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Saturday, 22 April 2017

Attack on Titan S2E4: Soldier

Attack on Titan
Series 2, Episode 4

With episode four, we are now officially one sixth of the way through this series. It's not really a landmark moment, if we're all being entirely honest with each other, in the same way that being three episodes in (and thus one eighth) of the way through wasn't, and neither was being two episodes in (and thus one twelfth) was. Still, this also means we're drawing up on the point that usually marks the first major plot turn in an anime's story, the quarter mark at episode six, so that's something to be excited for.

(EDIT: Apparently this series only has twelve episodes lined up, so we are in fact a third of the way through, which is more significant.)

This week, though, we follow Reiner, Bertholdt, Ymir, Christa, and Connie as they take shelter at Utgard Castle, only to end up attacked by Titans under the direction of the Beast Titan. As several senior scouts attempt to fend off the attack, the five are left with little way to protect themselves -- and when all of the senior scouts are killed, it seems like it might be the end for them. Meanwhile, Reiner reminisces on his past and discovers something about Ymir that could potentially change everything.

This episode spends a lot of time trying to convince us that Ymir is a traitorous human Titan, just like Annie was, which, naturally, means that Ymir is not a traitorous human Titan -- although she is a human Titan, as we learn at the end of the episode in a moment that was obvious from a mile off the moment Connie remarked that he had a knife.

Ymir has tiny pupils.

(Specifically, she seems to be the human Titan that ate one of Reiner's friends, which has disturbing implications. Like, if she's a human Titan, why is she going around eating people? Why was she trying to eat three young men? Was she not in control at the time?)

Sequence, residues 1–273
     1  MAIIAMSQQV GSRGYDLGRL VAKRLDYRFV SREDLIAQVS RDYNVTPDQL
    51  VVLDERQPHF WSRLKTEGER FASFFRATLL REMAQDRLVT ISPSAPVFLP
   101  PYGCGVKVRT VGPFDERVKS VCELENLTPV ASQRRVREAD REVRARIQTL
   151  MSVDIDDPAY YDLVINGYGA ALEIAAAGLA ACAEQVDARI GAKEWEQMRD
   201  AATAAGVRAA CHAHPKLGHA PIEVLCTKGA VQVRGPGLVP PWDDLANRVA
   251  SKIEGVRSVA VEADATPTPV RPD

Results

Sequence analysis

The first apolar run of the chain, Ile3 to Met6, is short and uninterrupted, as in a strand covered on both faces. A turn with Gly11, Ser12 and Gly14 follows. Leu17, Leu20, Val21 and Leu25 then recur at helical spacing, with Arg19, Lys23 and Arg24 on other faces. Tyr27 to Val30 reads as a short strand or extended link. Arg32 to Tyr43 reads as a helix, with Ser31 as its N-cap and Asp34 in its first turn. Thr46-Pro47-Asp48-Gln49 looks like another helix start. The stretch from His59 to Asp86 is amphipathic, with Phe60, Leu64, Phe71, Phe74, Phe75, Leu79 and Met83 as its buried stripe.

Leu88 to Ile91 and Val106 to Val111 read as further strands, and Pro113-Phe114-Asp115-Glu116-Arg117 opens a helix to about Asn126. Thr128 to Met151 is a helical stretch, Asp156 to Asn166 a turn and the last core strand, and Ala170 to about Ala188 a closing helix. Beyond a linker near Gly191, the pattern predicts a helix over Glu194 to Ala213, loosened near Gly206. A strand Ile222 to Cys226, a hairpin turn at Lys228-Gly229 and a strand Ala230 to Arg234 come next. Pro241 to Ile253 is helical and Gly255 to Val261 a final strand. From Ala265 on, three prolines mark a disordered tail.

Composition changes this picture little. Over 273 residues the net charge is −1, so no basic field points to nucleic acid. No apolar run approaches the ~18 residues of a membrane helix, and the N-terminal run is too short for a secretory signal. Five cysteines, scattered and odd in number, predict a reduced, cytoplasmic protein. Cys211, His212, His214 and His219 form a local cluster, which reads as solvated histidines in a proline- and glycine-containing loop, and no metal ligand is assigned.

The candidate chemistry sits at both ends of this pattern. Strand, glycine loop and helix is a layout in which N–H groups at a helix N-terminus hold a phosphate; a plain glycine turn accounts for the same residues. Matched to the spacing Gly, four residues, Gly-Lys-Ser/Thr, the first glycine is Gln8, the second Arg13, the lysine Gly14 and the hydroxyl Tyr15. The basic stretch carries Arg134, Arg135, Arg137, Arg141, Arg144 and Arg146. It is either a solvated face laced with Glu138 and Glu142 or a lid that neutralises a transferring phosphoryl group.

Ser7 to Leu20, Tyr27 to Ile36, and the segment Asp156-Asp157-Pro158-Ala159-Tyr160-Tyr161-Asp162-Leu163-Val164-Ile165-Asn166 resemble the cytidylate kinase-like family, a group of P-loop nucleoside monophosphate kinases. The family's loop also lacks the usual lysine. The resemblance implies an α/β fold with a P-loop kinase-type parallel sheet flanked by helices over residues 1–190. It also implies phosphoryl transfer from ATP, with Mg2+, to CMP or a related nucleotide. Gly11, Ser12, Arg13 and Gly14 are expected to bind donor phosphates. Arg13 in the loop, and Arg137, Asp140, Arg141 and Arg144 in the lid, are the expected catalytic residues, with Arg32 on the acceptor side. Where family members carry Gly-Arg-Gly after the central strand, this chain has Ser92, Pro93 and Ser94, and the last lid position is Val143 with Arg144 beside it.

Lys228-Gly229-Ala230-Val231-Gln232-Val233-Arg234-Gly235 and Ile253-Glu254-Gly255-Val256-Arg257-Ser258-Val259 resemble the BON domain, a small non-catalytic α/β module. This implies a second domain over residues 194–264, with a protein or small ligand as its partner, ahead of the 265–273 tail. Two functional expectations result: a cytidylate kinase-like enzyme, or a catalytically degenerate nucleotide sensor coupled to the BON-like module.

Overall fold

The episode also strongly signals that there's something not quite right with Reiner and Bertholdt. Reiner seems to have some inkling about humans being turned into Titans -- enough so that he, like Ymir, tries to shut Connie down when he's speculating over it -- but moreover, he's able to recognise the language on the tins that, apparently, nobody should be able to read, since by his own admission it's bizarre that Ymir can. He seems to even know what it means that Ymir can read the tins' labels.

I mentioned last week that the show has so far been very close-lipped about Reiner's past, and honestly, this episode doesn't give us much more to go on: We get one short flashback of one of his friends being eaten, and one cryptic (and passive-aggressive?) remark from Bertholdt about how Reiner used to be more of a warrior.

That is Ymir, right, I'm not going crazy?

The distinction between 'soldier' and 'warrior' is one I've always found to be a bit facetious, but it's one I've heard made in this manner before in a few things: The thrust of the idea seems to always be that soldiers are group-oriented, interested in protecting their nations, et cetera, whereas warriors are more interested in rampant destruction, pillaging, et cetera. It's a rhetorical tool that's meant to frame soldiers and military forces in a positive light by distancing them from the worst excesses of war, and in fiction it tends to be a character contrast device.

Which is how it's being used here: Bertholdt is utilising a rhetorical device, but he's reversing the moral element -- it is bad, the implication seems to be, that Reiner is now concerned with the safety of a group, when he used to be more concerned with destruction. Which ties in to the imagery of hunters and prey in the show: Hunters are solitary and occupy a position of power (and are the ideal that Eren and others in the Survey Corps aspire to), while prey are numerous and occupy a position of weakness.

It's a meaningful line, but it's difficult to see what the pay-off will be at this point in the anime.

I just really like this shot.

The rest of the episode is largely devoted to the senior scouts battling against the Titans. They're doomed, and we all knew that the moment they were introduced, but the episode still manages to make it hurt through its usual method: Having all their bravado and dignity collapse as they're eaten alive. That never fails to be harrowing, in part because it hits so badly at the presiding cultural conception of what death is and should be. That said, the show should probably be careful not to overuse it: Even the most harrowing idea can become bland if overused.

So, that was episode four. The next episode seems like it'll mostly focus on Ymir and Christa's backstory, and Ymir fighting the Titans on her own -- which I suspect will probably end with her death, to be honest. I imagine we'll also see Eren and the others arriving at Utgard Castle in this episode, too, to set the stage for a big battle in episode six.

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